The influence of mycotoxins exposure on human and animal health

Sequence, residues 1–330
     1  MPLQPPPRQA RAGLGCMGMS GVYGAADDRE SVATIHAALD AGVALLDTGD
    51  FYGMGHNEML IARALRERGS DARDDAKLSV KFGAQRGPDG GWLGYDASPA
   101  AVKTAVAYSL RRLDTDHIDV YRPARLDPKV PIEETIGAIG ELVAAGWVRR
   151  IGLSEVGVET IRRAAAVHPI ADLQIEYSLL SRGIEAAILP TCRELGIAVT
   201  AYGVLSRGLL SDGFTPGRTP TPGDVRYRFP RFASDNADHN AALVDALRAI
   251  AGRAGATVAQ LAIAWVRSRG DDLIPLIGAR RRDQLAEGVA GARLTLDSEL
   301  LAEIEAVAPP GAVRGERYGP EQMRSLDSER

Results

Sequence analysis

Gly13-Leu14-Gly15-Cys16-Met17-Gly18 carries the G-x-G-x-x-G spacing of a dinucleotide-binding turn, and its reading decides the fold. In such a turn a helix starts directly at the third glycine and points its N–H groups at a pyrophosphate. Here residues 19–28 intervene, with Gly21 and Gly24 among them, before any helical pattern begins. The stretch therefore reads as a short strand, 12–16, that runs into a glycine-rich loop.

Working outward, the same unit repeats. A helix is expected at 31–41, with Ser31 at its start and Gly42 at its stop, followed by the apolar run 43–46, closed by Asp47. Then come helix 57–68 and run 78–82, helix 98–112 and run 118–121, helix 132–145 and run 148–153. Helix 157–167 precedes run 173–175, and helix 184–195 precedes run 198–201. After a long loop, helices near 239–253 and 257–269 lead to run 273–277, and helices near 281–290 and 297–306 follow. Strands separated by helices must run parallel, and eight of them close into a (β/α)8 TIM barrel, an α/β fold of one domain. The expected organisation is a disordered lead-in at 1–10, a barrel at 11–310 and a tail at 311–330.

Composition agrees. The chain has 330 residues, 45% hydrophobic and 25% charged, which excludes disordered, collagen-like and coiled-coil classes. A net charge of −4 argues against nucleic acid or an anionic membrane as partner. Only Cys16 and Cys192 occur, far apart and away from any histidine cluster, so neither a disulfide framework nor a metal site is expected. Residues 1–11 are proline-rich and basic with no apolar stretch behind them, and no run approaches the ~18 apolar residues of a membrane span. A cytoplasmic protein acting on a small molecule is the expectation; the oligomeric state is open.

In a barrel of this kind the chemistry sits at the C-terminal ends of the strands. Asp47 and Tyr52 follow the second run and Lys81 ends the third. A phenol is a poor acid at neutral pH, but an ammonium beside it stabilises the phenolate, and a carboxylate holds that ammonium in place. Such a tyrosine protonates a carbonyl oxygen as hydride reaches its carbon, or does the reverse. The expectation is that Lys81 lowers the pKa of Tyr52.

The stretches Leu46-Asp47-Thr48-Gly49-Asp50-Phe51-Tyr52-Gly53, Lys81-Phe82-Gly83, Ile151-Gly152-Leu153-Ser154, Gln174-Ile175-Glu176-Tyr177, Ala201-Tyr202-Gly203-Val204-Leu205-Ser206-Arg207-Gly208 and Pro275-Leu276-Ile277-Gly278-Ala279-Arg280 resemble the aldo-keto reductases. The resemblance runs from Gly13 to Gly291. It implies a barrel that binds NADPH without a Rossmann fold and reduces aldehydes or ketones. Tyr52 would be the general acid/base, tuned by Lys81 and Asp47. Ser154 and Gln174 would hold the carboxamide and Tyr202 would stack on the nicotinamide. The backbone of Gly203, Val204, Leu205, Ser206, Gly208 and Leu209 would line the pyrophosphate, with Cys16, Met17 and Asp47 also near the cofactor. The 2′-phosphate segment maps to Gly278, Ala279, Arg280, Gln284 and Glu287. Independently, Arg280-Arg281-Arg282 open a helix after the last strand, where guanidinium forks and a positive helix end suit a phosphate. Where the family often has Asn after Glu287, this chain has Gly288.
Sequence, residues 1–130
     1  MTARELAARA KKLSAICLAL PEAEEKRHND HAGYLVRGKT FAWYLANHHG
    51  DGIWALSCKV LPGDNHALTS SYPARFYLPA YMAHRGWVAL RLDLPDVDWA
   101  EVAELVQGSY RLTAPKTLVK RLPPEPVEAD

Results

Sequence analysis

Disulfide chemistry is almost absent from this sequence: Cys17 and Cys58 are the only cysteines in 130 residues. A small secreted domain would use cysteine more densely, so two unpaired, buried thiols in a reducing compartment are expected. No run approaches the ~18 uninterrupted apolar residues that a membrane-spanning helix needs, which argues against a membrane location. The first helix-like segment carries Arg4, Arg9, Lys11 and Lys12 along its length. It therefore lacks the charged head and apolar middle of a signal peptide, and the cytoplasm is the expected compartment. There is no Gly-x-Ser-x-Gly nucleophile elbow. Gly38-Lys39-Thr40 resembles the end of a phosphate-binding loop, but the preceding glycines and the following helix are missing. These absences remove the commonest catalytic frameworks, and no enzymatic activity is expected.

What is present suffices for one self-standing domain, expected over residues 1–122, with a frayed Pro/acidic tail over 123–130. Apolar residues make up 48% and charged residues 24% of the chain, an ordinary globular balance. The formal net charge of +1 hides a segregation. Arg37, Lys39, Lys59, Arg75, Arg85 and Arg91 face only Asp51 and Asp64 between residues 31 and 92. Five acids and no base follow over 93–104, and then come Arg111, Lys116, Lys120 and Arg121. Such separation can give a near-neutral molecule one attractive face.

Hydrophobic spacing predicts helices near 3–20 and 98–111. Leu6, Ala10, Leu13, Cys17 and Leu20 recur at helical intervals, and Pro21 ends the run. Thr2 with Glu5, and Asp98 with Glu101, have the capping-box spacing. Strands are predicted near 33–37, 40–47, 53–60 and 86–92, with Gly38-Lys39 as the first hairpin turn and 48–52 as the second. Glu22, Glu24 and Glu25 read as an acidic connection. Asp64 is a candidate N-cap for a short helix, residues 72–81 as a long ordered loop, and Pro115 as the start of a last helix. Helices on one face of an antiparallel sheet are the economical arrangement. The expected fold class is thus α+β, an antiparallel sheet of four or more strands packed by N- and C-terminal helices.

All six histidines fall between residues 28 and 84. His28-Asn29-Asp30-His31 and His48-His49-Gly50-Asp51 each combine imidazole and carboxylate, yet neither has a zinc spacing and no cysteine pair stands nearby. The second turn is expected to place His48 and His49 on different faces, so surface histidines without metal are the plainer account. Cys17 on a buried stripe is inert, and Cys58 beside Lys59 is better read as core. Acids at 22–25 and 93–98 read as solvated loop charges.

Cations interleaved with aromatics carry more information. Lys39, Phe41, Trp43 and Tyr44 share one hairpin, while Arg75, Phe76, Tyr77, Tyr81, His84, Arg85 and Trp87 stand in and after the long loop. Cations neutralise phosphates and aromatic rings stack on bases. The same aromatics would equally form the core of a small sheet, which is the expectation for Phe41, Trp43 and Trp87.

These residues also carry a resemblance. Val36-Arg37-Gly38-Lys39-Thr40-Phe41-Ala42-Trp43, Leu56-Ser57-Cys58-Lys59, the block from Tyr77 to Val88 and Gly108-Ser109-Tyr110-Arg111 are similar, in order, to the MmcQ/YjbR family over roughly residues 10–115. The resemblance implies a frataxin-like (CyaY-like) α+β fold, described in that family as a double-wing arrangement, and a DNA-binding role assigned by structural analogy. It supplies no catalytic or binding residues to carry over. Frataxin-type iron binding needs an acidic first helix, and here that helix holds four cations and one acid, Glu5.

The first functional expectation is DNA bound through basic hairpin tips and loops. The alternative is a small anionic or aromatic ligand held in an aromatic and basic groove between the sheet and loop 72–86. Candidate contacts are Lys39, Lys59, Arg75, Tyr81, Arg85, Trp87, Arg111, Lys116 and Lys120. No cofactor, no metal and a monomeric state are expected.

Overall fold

Mycotoxins are the secondary fungal metabolites, which cause toxic effects on human and animal organisms. They are frequent food contaminants. The most common route of exposure to mycotoxins is ingestion, but it may also involve dermal, respiratory and parenteral routes. These metabolites are produced by various fungal and mould strains like Aspergillus spp., Penicillium spp. and Fusarium spp. The most prominent mycotoxins are aflatoxins, trichothecenes, zearalenone, ochratoxins, fumonisins, patulin, citrinin, alternariol and its monomethyl ether, gliotoxin and beauvericin. There are several diseases, which are mycotoxin-related. Mycotoxins cause acute and chronic intoxications (mycotoxicoses), allergies and tumours. They may demonstrate genotoxic, mutagenic, cytotoxic, teratogenic and carcinogenic properties. Some of them cause strong estrogenic effects and infertility. The others are immunosuppressive, nephrotoxic and hepatotoxic. Taking into account wide range of mycotoxins toxic effects on living organisms, it is established that these compounds are the one of main factors influencing human and animal health.